For any remodeling project in your home, the finishing touch typically includes choosing compatible accent colors that work with the style you’ve chosen. And while choosing your favorite color might come easy, choosing an interesting color scheme that works together can be more challenging. With the multitude of colors available, there can literally be dozens of variations in the same shade, and deciding on the perfect combination can become daunting. So we decided to give you some tips to reference as you go through the process.
When choosing a compatible color scheme for any particular room in your home, know your primary colors first, which are yellow, red, and blue. Following them are the secondary colors: green, orange and purple. Then come colors called analogous colors, because they’re neighbors to the other colors on the spectrum—such as green and yellow, or red and purple. Finally, you’ve got your complementary colors that are opposing colors to each other in a more dramatic way, such as green and red or yellow and purple.
Look at the Total Picture
To make color choices that work for both you and your home, it’s wise to take into account the physical attributes of your home, which include its architectural style. Study how light enters your home and filters throughout it. Your color strategy should make the most of the light’s movement through the room, as well as the furniture and belongings within.
You might start by looking at your home from the perspective of a visitor. Take a “tour” as guests would see it, and take special note of the light that spills into each room, or record what a camera sees in the space. This can help you later to know what you’ve got to work with.
Pairing Primary and Accent Colors
In choosing a compatible accent color, you should give consideration to the primary or secondary color of the room. A lot of accent colors are based off of the colors of furnishings that comprise focal points in the room. Here are some suggestions of color-compatible combinations that work well together.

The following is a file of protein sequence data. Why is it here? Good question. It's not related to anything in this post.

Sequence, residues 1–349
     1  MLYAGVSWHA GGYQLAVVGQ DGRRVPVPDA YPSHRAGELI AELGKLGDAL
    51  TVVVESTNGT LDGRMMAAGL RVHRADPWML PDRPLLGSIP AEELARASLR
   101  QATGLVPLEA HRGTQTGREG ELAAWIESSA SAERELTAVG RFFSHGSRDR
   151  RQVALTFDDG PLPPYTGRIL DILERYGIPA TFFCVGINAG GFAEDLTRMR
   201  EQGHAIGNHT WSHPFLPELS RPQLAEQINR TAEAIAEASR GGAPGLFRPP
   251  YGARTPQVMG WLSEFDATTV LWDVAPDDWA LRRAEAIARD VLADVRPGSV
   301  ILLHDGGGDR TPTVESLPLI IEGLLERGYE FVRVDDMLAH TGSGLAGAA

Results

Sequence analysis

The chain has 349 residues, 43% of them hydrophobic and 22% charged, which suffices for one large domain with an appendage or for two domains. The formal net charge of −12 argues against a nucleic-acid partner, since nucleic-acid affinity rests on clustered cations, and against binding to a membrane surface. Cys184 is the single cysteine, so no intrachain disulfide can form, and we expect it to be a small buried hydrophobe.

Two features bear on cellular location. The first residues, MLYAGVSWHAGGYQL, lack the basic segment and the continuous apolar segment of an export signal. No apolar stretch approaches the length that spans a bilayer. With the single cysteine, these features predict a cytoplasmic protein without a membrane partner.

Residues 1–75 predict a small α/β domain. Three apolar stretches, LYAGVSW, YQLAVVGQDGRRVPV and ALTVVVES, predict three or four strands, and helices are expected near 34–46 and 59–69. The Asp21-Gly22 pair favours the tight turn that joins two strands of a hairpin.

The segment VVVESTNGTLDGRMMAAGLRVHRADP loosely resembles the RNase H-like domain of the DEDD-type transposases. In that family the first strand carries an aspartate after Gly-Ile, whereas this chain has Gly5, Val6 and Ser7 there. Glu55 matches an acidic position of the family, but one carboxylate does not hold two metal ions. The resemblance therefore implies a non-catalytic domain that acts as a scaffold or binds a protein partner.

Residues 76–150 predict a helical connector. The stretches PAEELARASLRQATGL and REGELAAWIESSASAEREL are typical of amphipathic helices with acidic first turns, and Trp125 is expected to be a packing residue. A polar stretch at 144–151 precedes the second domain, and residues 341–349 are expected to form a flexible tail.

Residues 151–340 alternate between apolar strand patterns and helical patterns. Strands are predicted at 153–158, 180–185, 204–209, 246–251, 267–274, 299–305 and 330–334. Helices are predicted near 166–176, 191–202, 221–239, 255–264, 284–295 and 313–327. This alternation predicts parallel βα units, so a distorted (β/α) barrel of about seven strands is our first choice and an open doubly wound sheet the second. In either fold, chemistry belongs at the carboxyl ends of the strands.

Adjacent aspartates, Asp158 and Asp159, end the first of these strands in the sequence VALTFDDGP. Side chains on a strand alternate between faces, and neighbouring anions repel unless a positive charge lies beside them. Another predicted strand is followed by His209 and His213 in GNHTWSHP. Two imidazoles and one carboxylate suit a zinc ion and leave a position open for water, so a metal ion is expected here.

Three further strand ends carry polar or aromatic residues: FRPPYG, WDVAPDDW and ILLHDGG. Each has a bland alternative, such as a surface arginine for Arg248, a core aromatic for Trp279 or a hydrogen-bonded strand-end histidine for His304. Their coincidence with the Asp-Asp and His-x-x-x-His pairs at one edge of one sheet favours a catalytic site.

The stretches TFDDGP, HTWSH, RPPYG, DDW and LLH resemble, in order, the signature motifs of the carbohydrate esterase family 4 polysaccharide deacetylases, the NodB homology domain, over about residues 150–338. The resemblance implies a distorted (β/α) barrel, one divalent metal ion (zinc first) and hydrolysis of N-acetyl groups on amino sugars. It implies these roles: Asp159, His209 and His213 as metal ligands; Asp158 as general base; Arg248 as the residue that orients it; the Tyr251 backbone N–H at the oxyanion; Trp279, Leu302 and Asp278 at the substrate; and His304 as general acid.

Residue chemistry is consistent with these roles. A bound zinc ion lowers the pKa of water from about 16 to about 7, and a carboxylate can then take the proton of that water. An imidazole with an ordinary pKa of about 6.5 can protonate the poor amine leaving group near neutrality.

Yellow primary color accented with blue: The popularity of yellow as a primary room color is evident from its use as the color of choice in both dining rooms and kitchens. It is the lightest and brightest color shade and exudes warmth in a room. The most classic combination is the pairing of cool blue as an accent color. As the least aggressive color, the shade of blue you choose can lie somewhere between a muted pastel shade of blue or a darker, deeper blue that adds some balance to keep the room from looking to hot or loud. The accent color can easily be a furnishing or light in the room that adds the distinctive touch that brings the look together. Another example of this is how yellow works with a purple accent to give a room a more edgy feel, or a high fashion, dramatic look. Purple pops against the yellow to bring out the room’s best features.
Red primary color accented with white: As intense as red is, it can be one of the hardest colors to pair with an accent color. Red is such a strong color that it needs an accent color that won’t clash with it, and that color is typically white. When paired together, even though red still remains the dominant color, white accents in furnishings such as bedding, helps the room takes on a softer and more relaxing feel.
Pairing Secondary and Accent Colors
Orange walls accented with green: Orange mixes the heat of red with the brightness of yellow for a color that begs to be noticed. If you want to take the edge off of orange and tone it down a little, choose a natural leafy green color in furnishings and room accessories. It adds a touch of coolness without taking away orange’s prominence. The resulting look is pretty hip and modern. If you’re looking for a more direct complementary color for orange, go with blue.
Purple walls accented with purple: Not surprisingly, purple is a secondary color that can complement itself. Combining two different shades of purple can give a room a subdued, royal effect. You could also add in some décor pieces with red-purple and indigo hues to keep the look balanced.
Green walls accented with yellow, red and orange: When you use a green as your dominant color to accent, you open yourself up to numerous possibilities to accessorize and accentuate with color schemes that flow from yellow, red and orange.
The potential that’s out there to express your creativity with primary and accent color combinations that create unique room environments is endless. With a little planning and research, you’ll find the perfect look to bring every room in your home to life!